The United Nations Monitoring and Reporting Mechanism in Iraq

A young girl in a displacement camp in the Kurdistan region of Iraq. Her parents and two oldest sisters went missing when her family fled Sinjar. © UNICEF/Iraq/2015/Mackenzie

The UN Monitoring and Reporting Mechanism on grave violations against children in situations of armed conflict (MRM) is a Security Council-mandated mechanism which requires the UN to collect information on grave violations committed against children by armed parties to a conflict. In collaboration with all relevant stakeholders the MRM aims to end and prevent violations against children, hold parties to conflict accountable for such violations, and provide appropriate responses to children affected by the conflict.

The United Nations Security Council has identified six grave violations against children in times of conflict. They are: killing and maiming of children, recruitment or use of children, sexual violence, attacks on schools and hospitals, abduction of children and denial of humanitarian access.

With support from generous contributions from the people of Belgium and Germany, UNICEF has strengthened monitoring, reporting and responding to grave violations against children in Iraq.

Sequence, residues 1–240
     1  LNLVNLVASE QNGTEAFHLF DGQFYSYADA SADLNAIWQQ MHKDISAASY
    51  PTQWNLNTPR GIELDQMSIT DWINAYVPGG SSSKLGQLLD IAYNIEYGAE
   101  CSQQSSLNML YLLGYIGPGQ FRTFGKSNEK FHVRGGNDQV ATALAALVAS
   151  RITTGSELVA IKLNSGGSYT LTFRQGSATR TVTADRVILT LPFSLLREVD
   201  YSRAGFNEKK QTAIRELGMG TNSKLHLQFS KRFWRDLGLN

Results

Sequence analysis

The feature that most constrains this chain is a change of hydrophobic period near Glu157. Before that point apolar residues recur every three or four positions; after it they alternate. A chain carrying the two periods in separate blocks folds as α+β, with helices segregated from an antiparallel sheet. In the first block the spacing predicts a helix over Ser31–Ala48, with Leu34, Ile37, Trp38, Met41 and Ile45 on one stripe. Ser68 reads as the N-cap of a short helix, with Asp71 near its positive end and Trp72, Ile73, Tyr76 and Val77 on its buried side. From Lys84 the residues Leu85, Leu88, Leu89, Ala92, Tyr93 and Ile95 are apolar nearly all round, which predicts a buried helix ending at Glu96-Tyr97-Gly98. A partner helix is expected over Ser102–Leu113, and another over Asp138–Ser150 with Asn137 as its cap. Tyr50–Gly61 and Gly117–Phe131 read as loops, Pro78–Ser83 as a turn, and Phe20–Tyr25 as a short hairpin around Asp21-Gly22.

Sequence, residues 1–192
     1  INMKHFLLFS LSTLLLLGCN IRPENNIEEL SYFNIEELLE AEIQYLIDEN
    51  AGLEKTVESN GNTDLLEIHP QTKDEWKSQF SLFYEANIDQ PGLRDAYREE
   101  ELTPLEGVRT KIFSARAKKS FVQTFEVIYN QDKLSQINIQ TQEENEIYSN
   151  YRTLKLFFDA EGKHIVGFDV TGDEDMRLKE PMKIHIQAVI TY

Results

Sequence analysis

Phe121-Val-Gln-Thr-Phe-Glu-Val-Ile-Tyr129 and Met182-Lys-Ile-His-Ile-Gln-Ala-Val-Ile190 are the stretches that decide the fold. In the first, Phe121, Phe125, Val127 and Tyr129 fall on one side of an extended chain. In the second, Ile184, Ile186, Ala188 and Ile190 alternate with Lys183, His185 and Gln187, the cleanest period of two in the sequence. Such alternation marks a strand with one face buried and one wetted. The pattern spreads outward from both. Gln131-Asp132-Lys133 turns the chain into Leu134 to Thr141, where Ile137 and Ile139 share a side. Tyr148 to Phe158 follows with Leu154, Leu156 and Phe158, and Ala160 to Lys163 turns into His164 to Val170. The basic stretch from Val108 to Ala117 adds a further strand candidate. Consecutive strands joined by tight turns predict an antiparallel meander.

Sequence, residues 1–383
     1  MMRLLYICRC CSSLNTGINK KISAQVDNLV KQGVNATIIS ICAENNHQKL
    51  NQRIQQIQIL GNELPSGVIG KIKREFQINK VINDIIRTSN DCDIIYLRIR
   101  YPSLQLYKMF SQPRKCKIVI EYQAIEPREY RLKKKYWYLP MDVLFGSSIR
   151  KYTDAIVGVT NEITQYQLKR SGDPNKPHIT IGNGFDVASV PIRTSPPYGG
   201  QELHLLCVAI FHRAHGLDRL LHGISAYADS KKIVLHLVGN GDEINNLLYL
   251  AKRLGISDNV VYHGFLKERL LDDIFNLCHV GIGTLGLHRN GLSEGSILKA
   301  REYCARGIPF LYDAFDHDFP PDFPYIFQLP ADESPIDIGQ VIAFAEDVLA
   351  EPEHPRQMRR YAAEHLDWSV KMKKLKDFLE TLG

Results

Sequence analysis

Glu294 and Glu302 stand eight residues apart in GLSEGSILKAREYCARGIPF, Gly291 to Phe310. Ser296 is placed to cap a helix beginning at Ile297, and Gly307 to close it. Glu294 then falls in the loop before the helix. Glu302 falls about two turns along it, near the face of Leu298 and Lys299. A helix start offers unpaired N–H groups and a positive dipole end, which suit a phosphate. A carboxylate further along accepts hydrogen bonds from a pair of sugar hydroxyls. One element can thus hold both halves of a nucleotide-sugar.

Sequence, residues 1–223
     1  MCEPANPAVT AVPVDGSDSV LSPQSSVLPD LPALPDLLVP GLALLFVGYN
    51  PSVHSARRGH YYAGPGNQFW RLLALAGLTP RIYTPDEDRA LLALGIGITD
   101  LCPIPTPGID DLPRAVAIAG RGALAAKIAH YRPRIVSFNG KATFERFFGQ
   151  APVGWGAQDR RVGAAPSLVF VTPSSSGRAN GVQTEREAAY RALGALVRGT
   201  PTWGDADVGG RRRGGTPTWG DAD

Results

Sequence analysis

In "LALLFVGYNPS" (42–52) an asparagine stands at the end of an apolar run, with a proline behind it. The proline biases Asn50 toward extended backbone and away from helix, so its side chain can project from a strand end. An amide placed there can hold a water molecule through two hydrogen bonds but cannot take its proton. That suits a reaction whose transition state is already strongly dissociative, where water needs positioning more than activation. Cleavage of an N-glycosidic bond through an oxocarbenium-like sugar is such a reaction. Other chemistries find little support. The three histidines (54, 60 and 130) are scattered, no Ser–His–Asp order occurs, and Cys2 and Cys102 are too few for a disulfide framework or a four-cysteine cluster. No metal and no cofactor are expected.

UNICEF Iraq Chief of Child Protection Brigid Kennedy Pfister discusses the main threats facing Iraqi children, and what is being done to address them.

1. In what ways are children affected by the current conflict in Iraq?

As the situation in Iraq deteriorated over the months since June 2014, increased numbers of children have been killed and maimed, abducted, exposed to rape and sexual violence, as well as recruited and used for different purposes by armed forces and groups involved in the conflict. Schools and hospitals have been damaged and used for military purposes, seriously hampering children’s access to medical attention, and safe learning spaces. In areas with active hostilities and insecurity, access to humanitarian assistance and services is very limited. Conflict and violence force families to flee — often separating children from their loved ones — and destroy social fabric and community structures, which puts children at further risk of being abused, exploited and exposed to grave violations.

2. How prevalent is the phenomenon of child soldiers in Iraq? What are their roles in combat?